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  7. Neil, in what sense does evil not exist? Presumably this can only make sense in that no action is evil. Not a position that one would imagine taking from inside Aushwitz, for example. It is merely our desire for reality to conform to some theory that can enable us to pretend evil does not exist. If actions can be evil, then evil exists. One could perhaps claim that there is no morality and all actions are essentially the same. To my knowledge the position of Sartre, and very likely the necessary position of any atheist if they are to be wholly loyal to the logic of their position. A view that needless to say seees nothing wrong with Auschwitz due to good and evil being figments of the imagination. Presumably being Irish, you are familiar with the different feeling from English towards reality inherent within the language such as when one uses a phrase such as "Ta bron orm"(accent on a in Ta, and o in bron), meaning sadness is upon me. Sadness or evil being states one enters into, rather than the more possessive and egocentric approach to being that is inherent to the English language. Good, bad, divine, diabolical etc are the arena which is life, and we have enormous freedom to gravitate towards either pole.

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  8. Andrew, are you a priest? I've been trying to figure it out for a month.

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  9. Certainly no priest, Susan. I think my points are all very obvious. I simply don't see how people can admit the existence of the spiritual though, and simultaneously imagine life somehow lies outside this reality. Just an exercise in schizophrenia. Though my sense of spiritual is perhaps best exemplified by Tomorrow Never Knows by The Beatles, which includes Ringo's magnificent drumming mentioned elsewhere.

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  10. I should have known, Andrew, that you would pounce on my assertion concerning evil. It was foolish of me to leave it like that, tagged onto the end of my comment, its arse out the window, inviting attack, but my wife was on my case and I had to finish up quickly. Look, it's like this: when the word evil is used by someone it elicits in me some kind of Pavlovian response and I cry foul. I don't like the word or what it stands for. It seems to intimate some abominable thing that exists in the world independently; a malevolent, insubstantial force, whirling about in the ether, that every now and then enters into human affairs and wreaks havoc. Good and evil seem to be treated as other than merely value judgements, like any others, but rather as aspects of the objective world. To be honest, it is also the religious connotations that perturb me. You state that if actions can be evil, then evil exists. This smacks of what I have just alluded to. Why not (forgive the tautology): if actions can be evil, actions can be evil. Dear, oh dear, I'm going down a silly road now. I'm not going to engage in some philosophical debate over it. I've forgotten most of the philosophy I've read and wouldn't have the ammunition you have at your disposal. You get my basic point, I hope.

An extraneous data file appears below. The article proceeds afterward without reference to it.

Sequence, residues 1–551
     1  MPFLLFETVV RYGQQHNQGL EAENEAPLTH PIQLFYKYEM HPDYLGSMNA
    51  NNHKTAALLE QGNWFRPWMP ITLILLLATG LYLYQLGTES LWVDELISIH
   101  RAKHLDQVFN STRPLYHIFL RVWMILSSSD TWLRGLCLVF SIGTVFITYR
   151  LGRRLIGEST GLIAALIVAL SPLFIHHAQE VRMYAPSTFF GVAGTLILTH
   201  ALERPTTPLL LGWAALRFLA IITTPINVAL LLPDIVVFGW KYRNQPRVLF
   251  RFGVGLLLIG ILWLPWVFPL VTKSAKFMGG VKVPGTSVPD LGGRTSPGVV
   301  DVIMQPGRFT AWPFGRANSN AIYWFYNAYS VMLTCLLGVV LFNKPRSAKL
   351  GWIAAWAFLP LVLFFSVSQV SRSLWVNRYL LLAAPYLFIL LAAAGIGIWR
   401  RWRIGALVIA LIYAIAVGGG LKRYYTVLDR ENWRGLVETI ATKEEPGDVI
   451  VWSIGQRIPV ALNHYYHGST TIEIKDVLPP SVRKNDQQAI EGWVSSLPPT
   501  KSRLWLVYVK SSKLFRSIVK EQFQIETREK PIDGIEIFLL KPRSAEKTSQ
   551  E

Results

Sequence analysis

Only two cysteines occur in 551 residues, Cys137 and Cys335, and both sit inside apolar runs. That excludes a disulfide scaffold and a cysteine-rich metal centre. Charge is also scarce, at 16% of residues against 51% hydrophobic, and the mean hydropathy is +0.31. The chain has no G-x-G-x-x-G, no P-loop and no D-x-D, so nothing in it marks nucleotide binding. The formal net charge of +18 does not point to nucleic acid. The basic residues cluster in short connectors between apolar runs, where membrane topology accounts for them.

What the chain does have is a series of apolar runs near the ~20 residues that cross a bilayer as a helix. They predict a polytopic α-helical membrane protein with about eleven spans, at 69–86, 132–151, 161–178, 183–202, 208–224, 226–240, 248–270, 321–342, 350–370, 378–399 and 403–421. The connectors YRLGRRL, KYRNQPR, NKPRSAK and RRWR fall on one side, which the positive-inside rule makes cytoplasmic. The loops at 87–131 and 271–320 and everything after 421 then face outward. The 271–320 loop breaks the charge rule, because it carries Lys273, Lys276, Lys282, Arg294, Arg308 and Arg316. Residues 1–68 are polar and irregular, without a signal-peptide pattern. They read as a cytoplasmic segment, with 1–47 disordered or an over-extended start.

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  11. If we had a rigorous underlying theory of human psychology, then we could obtain an understanding of serial killers as one particular model of this theory. Sadly, psychology is not a proper science. Psychology is incapable of making non-trivial and reliable predictions about human behaviour, and predictive capability is the distinguishing characteristic of a science. Psychologists are, perforce, restricted to concocting post-hoc explanations of behaviour which has already taken place.

    Some good points have been made above about the media jamboree associated with these serial killings. Most journalists have only just got over the excitement of the Litvinenko case, and now this! The pack descends on Ipswich, asking residents whether they feel safe to walk alone at night; raising 'ishoos' over prostitution; asking prostitutes why they do what they do, and how they cope with the risks, etc etc. All textbook stuff.

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  12. Actually, there's a fair amount known about serial killers. I almost reviewed a book by a psychologist/serial killer profiler who had interviewed many of the worst offenders (John Wayne Gazy, Ted Bundy, etc.) in their prison cells.

    I ultimately found this book so creepy (and its author, too, whose name I therefore won't give) that I not only quit reading it, I took it out to the trash can and buried it.

    My theory is that there are several genes that helped early humans survive. We know that most humans found sharing and helping each other to be the most positive adaption. But I think another type of person who survived is the one who had the seriously selfish gene: The psychopath. These people have no compassion whatsoever, but use other people to survive and have no guilt about it.

    Such people are the equivalent of my tom cat, who enjoys killing things and toying with them before they die. No guilt whatsoever and no empathy. And yet, a rather appealing being in other ways....